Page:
Note: This is an archived Handbook entry from 2009. Search for this in the current handbook
|Dates & Locations:|| |
This subject has the following teaching availabilities in 2009:Semester 1, - Taught on campus.
Timetable can be viewed here. For information about these dates, click here.
|Time Commitment:||Contact Hours: Twenty-four hours of lectures, 12 hours of tutorials and 12 hours of laboratory work |
Total Time Commitment: Not available
431-327 Communication Systems
|Recommended Background Knowledge:||None|
|Non Allowed Subjects:||None|
|Core Participation Requirements:||
For the purposes of considering request for Reasonable Adjustments under the Disability Standards for Education (Cwth 2005), and Student Support and Engagement Policy, academic requirements for this subject are articulated in the Subject Overview, Learning Outcomes, Assessment and Generic Skills sections of this entry.
It is University policy to take all reasonable steps to minimise the impact of disability upon academic study, and reasonable adjustments will be made to enhance a student's participation in the University's programs. Students who feel their disability may impact on meeting the requirements of this subject are encouraged to discuss this matter with a Faculty Student Adviser and Student Equity and Disability Support: http://services.unimelb.edu.au/disability
CoordinatorProf Subhrakanti Dey
On completion of this subject, students should have a good understanding of the modern principles of digital communications.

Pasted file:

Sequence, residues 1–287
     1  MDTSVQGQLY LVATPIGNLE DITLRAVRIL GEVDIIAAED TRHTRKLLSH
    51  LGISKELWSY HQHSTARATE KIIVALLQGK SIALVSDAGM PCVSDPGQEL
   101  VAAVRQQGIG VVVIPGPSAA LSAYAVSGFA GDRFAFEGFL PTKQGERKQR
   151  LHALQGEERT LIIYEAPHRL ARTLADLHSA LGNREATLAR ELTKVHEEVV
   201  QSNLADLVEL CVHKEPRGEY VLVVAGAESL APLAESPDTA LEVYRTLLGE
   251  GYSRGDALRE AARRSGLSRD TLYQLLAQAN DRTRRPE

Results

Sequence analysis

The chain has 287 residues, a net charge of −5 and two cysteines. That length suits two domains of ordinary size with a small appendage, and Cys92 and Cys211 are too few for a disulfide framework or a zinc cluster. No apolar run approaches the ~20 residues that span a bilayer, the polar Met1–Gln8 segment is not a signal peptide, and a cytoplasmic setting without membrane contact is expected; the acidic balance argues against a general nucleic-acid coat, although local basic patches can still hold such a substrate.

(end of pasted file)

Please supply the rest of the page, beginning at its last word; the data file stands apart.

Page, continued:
Topics include source coding, rate distortion and quantisation theory; noisy channels; linear block codes, parity check codes; convolutional codes, the Viterbi algorithm; fundamental limits (entropy; mutual information and Shannon bounds); characterisation of signal waveforms; modulation and demodulation for AWGN channel; modulation schemes, signal constellations, probability of symbol error; digital signalling over band-limited channels; Nyquist criterion, pulse shaping, equalisation.
All concepts are illustrated by examples from engineering practice.
On completing this subject the student should be able to:
1. Qualitatively and quantitatively analyse and evaluate digital communication systems;
2. Use software tools to analyse, design and evaluate digital communication systems.
One written 3-hour examination 70%, 2 laboratory reports (15% each) not exceeding 25 pages.
|Recommended Texts:|| |
Information Not Available
|Breadth Options:|| |
This subject is not available as a breadth subject.
|Fees Information:||Subject EFTSL, Level, Discipline & Census Date|
Bachelor of Engineering (Computer Engineering) |
Bachelor of Engineering (Electrical Engineering)
Bachelor of Engineering (Software Engineering)
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